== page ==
Recently one of our readers reached out to us asking whether he could pledge his sovereign gold bonds (SGBs) as a collateral and take a loan on them for some emergency cash requirement.
He said that his SGBs are in a non-demat mode, and since he bought them just now, so the Reserve Bank of India’s (RBI) buyback window, which opens from the fifth year onwards, won’t be applicable to him immediately.
He said he could convert the non-demat SGBs into a demat mode and then sell them on the National Stock Exchange (NSE), but is there any way wherein he could pledge them with a bank and later acquire them back after repaying the loan. Would that be a better option?
What Happened With Him?
The reader who reached out to us said that he had bought a large amount of SGBs from his bank branch in his hometown with the surplus money he had saved for his retirement. Now due to some urgent personal family matters requiring immediate cash, he was thinking of liquidating them.
He had bought these SGBs in June 2022, and the RBI’s buyback window for these particular bonds would come five years from now. He said he has considered converting them into demat to sell them on the NSE, but the losses will be huge.
First, there will be the liquidity problem, since he bought a large unit of SGBs. Second, there will be the incidence of taxation which will hit him hard since he is selling the SGBs on the secondary market.
The Alternative Way
So, can he pledge them as for a loan? Yes, he can do that, but there is process involved and there are other factors, such as loan-to-value and rate of interest that should be taken into account.
Thomas Joseph K, executive vice-president and group business, head of South Indian Bank, said that an applicant who seeks to pledge his/her SGBs with banks should first have a “demat account with the Central Depository Services (India) Ltd (CDSL), and applicants with SGBs in physical form should convert the same to demat form for availing themselves of the loan facility.”
After this, the applicant has to then submit a pledge request form.
Joseph also explained how banks process such loans.
“On approval of the loan, a lien will be marked on the bonds by our retail banking department – liabilities, with the depositories. Upon marking the lien, the loan is disbursed as an overdraft facility. The interest on the loan is charged monthly, direct to the overdraft account. There is also provision (optional) for credit of SGB interest to the overdraft account, on getting a mandate from the customer,” he said.
But What About The Interest Earned On The SGBs?
Says Mohan K, senior vice-president, and country head, agri, micro and rural department of Federal Bank: “The customer needs to pay the interest and/or principal as per the repayment schedule. The interest earned on the SGB doesn’t get adjusted in the loan repayment; it gets credited to the savings bank of the customer, and the customer can use it for repayment of loan against SGB as per customer’s convenience.”
The RBI has also said in a detailed FAQ for SGBs that “these securities are eligible to be used as collateral for loans from banks, financial institutions and non-banking financial companies (NBFCs). The loan-to-value ratio will be the same as applicable to ordinary gold loans prescribed by RBI from time to time. Granting loans against SGBs would be subject to the decision of the bank/financing agency, and cannot be inferred as a matter of right.”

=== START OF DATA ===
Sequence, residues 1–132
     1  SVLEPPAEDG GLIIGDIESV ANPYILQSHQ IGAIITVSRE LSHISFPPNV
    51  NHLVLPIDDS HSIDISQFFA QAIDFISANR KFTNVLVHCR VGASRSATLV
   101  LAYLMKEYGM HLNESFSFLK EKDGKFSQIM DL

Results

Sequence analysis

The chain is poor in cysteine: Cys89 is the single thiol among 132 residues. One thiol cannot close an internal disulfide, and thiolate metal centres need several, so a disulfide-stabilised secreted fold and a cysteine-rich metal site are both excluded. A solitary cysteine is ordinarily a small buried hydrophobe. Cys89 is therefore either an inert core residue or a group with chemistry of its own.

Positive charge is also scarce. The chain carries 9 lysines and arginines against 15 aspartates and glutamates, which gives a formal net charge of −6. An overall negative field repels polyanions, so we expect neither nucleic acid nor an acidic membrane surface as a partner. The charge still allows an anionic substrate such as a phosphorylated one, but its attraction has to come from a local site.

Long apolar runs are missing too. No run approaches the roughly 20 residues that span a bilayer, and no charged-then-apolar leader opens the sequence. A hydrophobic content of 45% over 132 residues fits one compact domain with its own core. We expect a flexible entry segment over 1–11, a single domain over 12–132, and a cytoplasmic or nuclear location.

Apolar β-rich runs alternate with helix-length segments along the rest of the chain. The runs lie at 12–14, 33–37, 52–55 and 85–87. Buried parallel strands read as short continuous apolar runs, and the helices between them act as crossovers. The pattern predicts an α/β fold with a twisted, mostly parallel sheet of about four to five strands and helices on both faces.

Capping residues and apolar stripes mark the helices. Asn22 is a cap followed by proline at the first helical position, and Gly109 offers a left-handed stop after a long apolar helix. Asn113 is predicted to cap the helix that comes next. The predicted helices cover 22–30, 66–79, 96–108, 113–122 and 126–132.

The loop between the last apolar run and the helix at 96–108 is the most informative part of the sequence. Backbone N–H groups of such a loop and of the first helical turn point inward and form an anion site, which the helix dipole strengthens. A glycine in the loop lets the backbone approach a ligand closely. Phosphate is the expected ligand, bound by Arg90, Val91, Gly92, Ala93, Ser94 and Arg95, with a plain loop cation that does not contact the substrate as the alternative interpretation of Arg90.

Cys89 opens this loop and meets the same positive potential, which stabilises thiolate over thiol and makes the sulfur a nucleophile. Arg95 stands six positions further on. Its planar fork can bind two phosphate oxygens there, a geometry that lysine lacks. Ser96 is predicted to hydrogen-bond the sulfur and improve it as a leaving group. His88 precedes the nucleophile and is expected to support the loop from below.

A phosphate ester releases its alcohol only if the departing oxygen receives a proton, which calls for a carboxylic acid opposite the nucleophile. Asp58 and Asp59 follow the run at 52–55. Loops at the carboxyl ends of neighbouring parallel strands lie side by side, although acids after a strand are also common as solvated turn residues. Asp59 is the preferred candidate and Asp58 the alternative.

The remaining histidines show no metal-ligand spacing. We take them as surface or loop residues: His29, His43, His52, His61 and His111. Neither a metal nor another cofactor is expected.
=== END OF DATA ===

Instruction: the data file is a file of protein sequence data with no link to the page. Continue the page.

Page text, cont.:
So, while banks can extend a loan on SGBs, they can also refuse to extend one.
Another factor is the type of credit extended on SGBs. These could be either in the form of an overdraft facility through the tenure of the loan, or an on-demand loan that has to be repayable on demand from the bank.
Other Loan Facility Against SGB
Joseph explained the process by which they value SGBs and the LTV ratio for SGBs.
“The SGBs are valued based on the average market value of 24 carat gold based on IBJA rates. The LTV ranges from 65-70 per cent based on the period completed from the date of issuance of SGB.”
In addition, this loan is given as an “overdraft limit for individuals as well as joint investors holding SGB, for meeting any lawful personal needs and business needs.”
As for the rate of interest, it is the combination of the “repo, OC of 2.30 per cent and a floating rate of interest of 3.60 per cent,” he said.
The effective rate of interest on this type of loan at the moment is anything between 8 and 13 per cent depending on the type of credit availed, i.e., overdraft or on-demand.
At South Indian Bank, the maximum duration for repayment is 36 months or three years, said Joseph.
Mohan K said their bank would charge a rate of interest in the range of 8.95-12.5 per cent depending upon the amount of loan taken by the customer.
“The loan against SGB can be used for personal or business purposes, or any other legitimate purpose. Also, SGB can be offered as collateral for other types of loans also,” he added.
He said that Federal Bank has also created a dedicated website page for SGB loan, where the loan margin ratio is mentioned as 35 per cent of the SGB value for loans up to Rs 20 lakh and 50 per cent for loan up to Rs 25 lakh. The maximum amount of loan disbursed by Federal Bank with SGB as collateral will be Rs 25 lakh.
Other banks, such as the State Bank of India also extends loans on SGBs. The country’s largest lender has mentioned on its website that the maximum loan amount and tenure for overdraft on SGBs is Rs 20 lakh and 36 months, respectively. For an on-demand type of SGB loan, the tenure is 12 months.
The corresponding figures for Union Bank of India are 24 months and 12 months for overdraft and on demand mode on SGBs.
So, if you are in need of urgent cash against some collateral asset for a short tenure, then you could consider a credit facility in the form of an overdraft or on-demand loan against your SGBs.